"Who told you this story?" Mia asked.

"Old Esther," she said."My key lime neighbor."

Mia shook her head."Why would she tell you such a thing?"

Dani stacked her cookies carefully into a glossy pink gift bag. "This is stupid, isn't it?" she said.

Esme reached out and took Dani's arm."Oh God, it isn't," she said. "It's the sweetest thing anyone has ever done."

Then, she looked at Mia. "I thought I saw something in the house," she said. "I mentioned it to Esther. I was just kidding, you know. I told her I thought I had a ghost."

"When was this?" Mia asked. She stood, and slowly collected the empty bowls. She'd had two drinks to Esme's five. She was large-framed, but graceful. She wore silver bracelets with turquoise her husband said were like hippie bracelets. He stood in the half-light of their upstairs bedroom once and told her to put them on. He liked to hear the sound of the bracelets when she moved her hands on him. This was years before, when they were first married. Since then, Mia had kept them in a wooden shaving dish with a lid that had once been her father's, and still smelled of almond soap. Her children had played with it—removing the lid, taking each bracelet out, then putting everything back again, the bracelets fitting snug inside the round dish.

"The night you found me," Esme said. "On the porch."

Mia had assumed Esme was drunk that night. She'd awoken, and sat up, and seemed to not know where she was. In the dark, all Mia could see was Esme's pale face, her pale hands waving around as she apologized. She'd gone for a walk, and lost her bearings, she'd said. She stood then and stumbled down the porch steps carrying the little boy. Mia had reached her arms out to steady her. Esme lived a few streets behind them, in a bungalow with her husband. Mia had offered to drive her home, and at her house Esme had to ring the bell because she'd forgotten her key, and her husband came to let her in. Mia heard them exchange a few hushed words. Then the husband, Jack, came up to the car.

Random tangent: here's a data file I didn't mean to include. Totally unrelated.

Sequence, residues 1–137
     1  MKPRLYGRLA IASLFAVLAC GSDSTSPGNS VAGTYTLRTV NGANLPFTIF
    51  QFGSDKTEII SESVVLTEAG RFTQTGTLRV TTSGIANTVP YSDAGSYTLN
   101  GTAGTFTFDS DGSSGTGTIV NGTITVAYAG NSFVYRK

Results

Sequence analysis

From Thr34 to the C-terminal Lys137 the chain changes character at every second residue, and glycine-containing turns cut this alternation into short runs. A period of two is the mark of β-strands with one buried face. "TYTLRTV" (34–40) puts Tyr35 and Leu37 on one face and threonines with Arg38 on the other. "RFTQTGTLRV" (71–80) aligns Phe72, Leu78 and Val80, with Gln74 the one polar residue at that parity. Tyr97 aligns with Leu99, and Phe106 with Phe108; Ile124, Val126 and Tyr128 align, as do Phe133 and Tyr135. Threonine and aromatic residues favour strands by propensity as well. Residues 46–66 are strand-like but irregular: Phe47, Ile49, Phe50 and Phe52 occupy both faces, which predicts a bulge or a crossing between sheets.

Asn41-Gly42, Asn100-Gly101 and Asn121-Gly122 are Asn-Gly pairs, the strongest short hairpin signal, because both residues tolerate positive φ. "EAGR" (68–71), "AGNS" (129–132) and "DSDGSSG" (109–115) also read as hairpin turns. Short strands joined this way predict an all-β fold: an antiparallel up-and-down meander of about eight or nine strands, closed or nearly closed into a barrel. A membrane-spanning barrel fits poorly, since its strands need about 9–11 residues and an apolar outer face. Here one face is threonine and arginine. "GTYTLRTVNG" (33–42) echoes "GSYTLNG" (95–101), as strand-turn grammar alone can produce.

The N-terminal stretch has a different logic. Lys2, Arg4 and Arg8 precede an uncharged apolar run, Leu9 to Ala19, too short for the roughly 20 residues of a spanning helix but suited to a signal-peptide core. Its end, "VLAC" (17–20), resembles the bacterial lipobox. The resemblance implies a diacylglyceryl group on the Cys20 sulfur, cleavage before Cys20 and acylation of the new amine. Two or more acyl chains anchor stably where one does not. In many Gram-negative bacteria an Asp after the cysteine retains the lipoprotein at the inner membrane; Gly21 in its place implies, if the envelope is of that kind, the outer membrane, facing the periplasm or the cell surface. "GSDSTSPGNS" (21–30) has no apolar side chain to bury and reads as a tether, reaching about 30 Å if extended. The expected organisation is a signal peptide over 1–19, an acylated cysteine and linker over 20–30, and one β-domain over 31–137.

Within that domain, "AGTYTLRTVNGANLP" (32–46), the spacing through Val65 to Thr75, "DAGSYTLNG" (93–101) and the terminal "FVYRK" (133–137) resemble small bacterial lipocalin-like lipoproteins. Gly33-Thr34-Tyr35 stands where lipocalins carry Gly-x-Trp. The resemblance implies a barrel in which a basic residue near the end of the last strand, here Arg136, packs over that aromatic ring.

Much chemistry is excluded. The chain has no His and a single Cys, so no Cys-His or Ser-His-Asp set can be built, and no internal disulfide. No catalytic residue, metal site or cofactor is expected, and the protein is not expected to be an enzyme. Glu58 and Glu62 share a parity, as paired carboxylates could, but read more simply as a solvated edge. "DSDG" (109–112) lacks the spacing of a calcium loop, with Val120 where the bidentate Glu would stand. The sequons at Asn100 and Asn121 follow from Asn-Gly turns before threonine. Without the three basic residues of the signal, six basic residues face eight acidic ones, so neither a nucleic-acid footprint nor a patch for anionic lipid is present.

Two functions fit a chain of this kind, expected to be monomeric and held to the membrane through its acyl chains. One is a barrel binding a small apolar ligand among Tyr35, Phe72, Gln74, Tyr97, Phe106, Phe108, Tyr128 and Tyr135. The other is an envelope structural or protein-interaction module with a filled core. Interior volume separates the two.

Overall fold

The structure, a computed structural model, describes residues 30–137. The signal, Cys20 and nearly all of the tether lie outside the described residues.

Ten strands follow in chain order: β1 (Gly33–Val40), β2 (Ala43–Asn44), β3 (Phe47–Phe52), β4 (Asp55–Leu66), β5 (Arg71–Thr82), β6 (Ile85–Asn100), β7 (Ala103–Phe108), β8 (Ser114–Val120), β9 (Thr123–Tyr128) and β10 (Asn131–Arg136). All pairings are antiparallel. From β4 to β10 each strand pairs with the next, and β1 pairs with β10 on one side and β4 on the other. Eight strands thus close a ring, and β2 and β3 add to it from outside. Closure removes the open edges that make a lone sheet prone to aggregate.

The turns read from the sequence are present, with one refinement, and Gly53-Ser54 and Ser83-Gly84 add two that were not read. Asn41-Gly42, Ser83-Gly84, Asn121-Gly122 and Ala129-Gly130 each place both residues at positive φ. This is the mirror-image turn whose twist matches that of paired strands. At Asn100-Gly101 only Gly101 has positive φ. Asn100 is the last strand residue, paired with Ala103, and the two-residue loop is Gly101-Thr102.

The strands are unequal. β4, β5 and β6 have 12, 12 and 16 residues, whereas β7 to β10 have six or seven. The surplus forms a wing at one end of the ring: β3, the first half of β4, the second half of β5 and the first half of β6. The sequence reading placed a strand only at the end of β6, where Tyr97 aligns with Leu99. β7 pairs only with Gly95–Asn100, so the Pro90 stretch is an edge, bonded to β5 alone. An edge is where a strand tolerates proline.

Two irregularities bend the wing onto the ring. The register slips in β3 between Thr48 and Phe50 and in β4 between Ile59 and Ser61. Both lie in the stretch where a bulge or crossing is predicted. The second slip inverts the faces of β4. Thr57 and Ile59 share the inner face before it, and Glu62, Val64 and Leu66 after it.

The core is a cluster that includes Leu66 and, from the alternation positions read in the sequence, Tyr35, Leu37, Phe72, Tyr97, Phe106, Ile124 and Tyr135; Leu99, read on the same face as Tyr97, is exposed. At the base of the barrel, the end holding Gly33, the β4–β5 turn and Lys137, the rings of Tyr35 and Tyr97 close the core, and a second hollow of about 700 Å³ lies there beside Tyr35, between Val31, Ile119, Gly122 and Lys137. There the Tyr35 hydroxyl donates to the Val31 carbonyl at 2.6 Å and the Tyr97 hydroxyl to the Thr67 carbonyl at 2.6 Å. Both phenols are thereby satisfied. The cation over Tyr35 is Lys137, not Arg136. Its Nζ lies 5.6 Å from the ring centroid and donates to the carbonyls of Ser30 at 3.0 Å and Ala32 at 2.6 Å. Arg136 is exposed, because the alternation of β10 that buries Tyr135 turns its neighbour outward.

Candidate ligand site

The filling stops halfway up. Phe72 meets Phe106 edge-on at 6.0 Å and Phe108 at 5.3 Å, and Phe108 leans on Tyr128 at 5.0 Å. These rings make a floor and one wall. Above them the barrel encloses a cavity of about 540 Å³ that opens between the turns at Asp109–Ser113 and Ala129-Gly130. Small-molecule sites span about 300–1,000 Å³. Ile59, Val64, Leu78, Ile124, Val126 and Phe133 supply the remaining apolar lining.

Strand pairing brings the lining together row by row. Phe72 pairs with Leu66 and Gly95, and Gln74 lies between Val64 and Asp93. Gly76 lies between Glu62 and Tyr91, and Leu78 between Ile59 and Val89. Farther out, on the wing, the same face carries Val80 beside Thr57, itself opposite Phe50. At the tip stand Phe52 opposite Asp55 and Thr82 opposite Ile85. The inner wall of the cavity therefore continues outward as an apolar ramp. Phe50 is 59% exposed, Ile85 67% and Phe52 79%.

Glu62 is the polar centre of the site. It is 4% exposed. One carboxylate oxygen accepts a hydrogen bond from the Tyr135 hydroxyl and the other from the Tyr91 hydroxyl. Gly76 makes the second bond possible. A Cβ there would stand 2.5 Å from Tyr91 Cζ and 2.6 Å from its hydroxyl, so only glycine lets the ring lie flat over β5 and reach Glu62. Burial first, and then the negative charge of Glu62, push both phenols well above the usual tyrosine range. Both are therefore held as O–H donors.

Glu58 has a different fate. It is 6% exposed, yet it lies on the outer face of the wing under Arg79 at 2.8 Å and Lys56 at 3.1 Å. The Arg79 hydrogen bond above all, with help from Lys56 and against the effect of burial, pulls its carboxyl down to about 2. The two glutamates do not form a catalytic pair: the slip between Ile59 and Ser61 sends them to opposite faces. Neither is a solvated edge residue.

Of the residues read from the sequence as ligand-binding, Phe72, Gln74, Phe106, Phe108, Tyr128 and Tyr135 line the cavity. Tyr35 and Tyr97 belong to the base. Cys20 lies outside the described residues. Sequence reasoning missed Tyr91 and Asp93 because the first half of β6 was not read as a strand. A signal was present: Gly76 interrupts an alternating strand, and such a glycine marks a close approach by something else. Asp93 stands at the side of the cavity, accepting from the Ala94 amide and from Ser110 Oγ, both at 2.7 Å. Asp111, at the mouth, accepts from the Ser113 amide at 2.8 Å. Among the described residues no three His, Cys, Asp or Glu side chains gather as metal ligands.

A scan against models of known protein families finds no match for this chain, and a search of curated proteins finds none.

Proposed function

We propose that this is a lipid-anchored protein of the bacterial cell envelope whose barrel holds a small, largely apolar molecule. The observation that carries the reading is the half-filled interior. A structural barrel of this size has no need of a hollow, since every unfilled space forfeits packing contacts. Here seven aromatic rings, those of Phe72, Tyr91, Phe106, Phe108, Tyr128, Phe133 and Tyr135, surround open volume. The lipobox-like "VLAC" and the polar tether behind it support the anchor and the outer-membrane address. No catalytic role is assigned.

"She said she was leaving, but I was half-asleep, and I just didn't believe her." He shook his head. His hair was cut like a little boy's. He had green eyes. On his face was a creased mark from the pillowcase. He said he was sorry.

"It's fine," Mia said. "It was no problem."

He hesitated there by Mia's open car window. The cool interior air of the car escaped, and the humidity moved in. She thought he might offer some other explanation, but he didn't. He put his hand up to shake."Jack Sanford," he said. He took her hand in his and her bracelets jangled. Mia felt as if they were making a pact. She wasn't sure she wanted to be aligned with him, but there it was, a sort of understanding.

She collected the bowls and put them in the sink on top of the dishes from that morning. Esme told them that the man's wife had left him—taken her two children and gone back to her mother's in Ohio. "He'd been bereft," Esme said. "Inconsolable." She said the words carefully, looking at her hands.

"Esther told you this?" Mia said.

Esme gave Mia a solemn look. She nodded. Mia stacked the dishes in the sink. Dani told Esme how one of her best friends stole her boyfriend.

"And what made him your boyfriend?" Esme wanted to know. Her voice was a little slurred. She held her head up in her two hands.

Dani shrugged. She stood by the table with her pretty gift bag full of cookies. "We made out for like three hours," she said.

Esme let her head fall to the tabletop. She left it there, pressing her cheek flat. "Oh, the oldest trick in the book." Her voice was bitter and sarcastic. Mia saw her daughter's face deflate. Sam came in with Shine. Mia smelled the blooming frangipani. All year the ugly stems had tapped against the window, stubby and gray, waiting for leaves, for the buds of their flowers. Sam knelt beside Shine on the kitchen floor and placed his arms around the dog's burly neck.

"You're going to die soon," he said, morose.